"Baby, Baby" exploits our assumptions about love songs [May 20, 1991]
It's about a literal baby
This week’s Number 9:
‘Baby, Baby’ by Amy Grant
Name any hit pop song of the past 70 years. Any song you want. Now, tell me what the lyrics of that song are about.
Chances are, the lyrics are about one of two things:
Boy meets girl, they get together, it’s awesome
Boy meets girl, they don’t get together, and it sucks
Pop lyrics have other common tropes, like breaking free, being yourself, and putting your hands up because it’s time to party. But the love song is the dominant mode of pop music, whether it’s a drippy ballad or an intense club anthem.
Studies have shown that this is not an illusion. One study by the University of Florida found that half of the biggest chart hits were about love. By the mid-00s, that figure rose to 60%.
And I understand why. Pop songs are supposed to be relatable, and falling in love is one of the most relatable experiences in the world. Even more relatable: the feeling of being deeply, madly in love with someone for around 3 to 4 minutes, and then forgetting all about them.
Pop music is the perfect vehicle for expressing that feeling.
‘Baby, Baby’ dropped in April 1991 and was inescapable for months, and as a shy 13-year old who had lots of intense crushes but was yet to hold a conversation with a girl, I found the song very relatable. Yes, Amy, I thought, you have perfectly encapsulated the feeling of being in a stable relationship with someone great. Well done.
Like many teenagers, I assumed that grown-up love would be something like the ‘Baby Baby’ video, with lots of goofing around in a 90s romcom montage.
Plot twist: ‘Baby, Baby’ is not about love. Or not about romantic love. It’s about Amy Grant’s brand-new daughter, Millie. The baby in ‘Baby, Baby’ is a literal baby.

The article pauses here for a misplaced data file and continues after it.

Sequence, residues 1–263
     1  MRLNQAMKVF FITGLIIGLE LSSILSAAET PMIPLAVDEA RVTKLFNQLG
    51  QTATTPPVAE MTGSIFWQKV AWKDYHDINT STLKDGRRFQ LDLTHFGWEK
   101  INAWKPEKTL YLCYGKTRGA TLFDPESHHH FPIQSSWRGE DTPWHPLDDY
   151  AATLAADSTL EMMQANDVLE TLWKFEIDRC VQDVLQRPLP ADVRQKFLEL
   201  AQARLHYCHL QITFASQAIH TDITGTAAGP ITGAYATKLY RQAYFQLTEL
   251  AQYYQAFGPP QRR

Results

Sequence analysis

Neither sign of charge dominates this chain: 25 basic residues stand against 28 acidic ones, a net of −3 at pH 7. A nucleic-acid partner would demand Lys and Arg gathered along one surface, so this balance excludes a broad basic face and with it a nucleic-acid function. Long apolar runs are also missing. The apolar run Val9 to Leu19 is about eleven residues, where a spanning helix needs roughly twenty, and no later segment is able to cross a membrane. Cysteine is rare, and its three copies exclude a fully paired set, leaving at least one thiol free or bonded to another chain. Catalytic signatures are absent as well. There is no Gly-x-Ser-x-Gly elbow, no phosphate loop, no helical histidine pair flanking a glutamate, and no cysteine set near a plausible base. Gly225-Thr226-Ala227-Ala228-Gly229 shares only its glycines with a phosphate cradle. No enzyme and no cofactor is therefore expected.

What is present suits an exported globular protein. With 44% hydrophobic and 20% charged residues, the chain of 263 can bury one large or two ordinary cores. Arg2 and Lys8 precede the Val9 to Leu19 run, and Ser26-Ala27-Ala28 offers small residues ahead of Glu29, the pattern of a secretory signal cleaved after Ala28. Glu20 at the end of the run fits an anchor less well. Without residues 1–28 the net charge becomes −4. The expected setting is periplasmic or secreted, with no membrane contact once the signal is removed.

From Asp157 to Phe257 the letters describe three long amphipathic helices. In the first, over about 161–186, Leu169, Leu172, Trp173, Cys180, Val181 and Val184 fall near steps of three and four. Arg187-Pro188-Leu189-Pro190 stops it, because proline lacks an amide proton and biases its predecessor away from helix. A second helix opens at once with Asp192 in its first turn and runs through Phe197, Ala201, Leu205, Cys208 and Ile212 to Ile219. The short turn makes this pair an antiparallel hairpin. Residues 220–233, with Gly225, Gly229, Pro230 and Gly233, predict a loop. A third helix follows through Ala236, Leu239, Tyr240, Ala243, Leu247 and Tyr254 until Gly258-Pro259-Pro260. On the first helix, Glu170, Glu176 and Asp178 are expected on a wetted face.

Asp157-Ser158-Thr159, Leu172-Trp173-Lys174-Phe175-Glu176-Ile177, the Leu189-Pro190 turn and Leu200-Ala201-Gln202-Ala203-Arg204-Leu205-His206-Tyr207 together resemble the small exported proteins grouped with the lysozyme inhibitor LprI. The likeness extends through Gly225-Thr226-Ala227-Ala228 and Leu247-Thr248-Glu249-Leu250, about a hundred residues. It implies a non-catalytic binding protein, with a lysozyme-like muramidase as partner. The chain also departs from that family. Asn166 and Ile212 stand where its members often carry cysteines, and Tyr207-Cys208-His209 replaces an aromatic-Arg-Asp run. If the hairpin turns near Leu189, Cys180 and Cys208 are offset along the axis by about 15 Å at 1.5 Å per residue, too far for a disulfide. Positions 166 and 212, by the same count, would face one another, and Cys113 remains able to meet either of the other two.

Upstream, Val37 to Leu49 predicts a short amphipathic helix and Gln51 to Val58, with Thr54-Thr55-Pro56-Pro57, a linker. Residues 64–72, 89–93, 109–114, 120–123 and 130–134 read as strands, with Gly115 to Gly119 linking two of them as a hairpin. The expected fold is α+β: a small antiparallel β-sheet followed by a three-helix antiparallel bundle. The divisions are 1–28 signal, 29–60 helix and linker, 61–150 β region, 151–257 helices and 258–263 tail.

It’s not dumb of us to think that she was singing about a boy. Here’s a stat: according to lyrics.com, the word “baby” appears in over 290,000 songs. Most of them use it as a term of endearment for a romantic lover. Plus, there’s the fact that the video shows her singing the lyrics to a grown-ass man.
(The man is a male model who was hired for the gig. Amy is actually a huge Christian contemporary rock star and her regular audience was, apparently, shocked that she’s crooning to a man who’s not her husband. They have no problem with her singing a song about a literal baby to a full-grown man with stubble.)
Now that I’m a full-grown man with a daughter of my own, I see how this would be a fun song to sing to a baby, and I’m sad I never thought of singing it to my own child when she was small. Amy and I have that shared experience of being very happy to have a lovely little baby to cuddle. That’s the great thing about pop music, and art in general. People can connect across space and time through shared emotions.
Which is perhaps why so many pop songs default to the experience of effervescent love. And why we hear pop songs as romantic love songs, even when they’re not. No matter what the author was thinking about, our minds drift back to the emotions we know best.
(By the way, if you want to feel so old that you immediately crumble to dust, then click this link. It has photos from Amy Grant’s daughter’s wedding. Yes, the baby from ‘Baby, Baby’ is 31 and married.)
Elsewhere in the charts
I really wanted to write about “Baby’s Coming Back” by Jellyfish, which briefly flashed across the lower depths of the Top 100. Sadly, it has completely vanished from the charts. I’ll have to wait another 16 years and then I can write about McFly’s chart-topping cover version.
Color Me Badd slide right into the top ten with ‘I Wanna Sex U Up’, a song I cannot wait to discuss in more detail.
I’d like to talk about the album charts a bit more but Eurthymics’ Greatest Hits has been number one for literally months.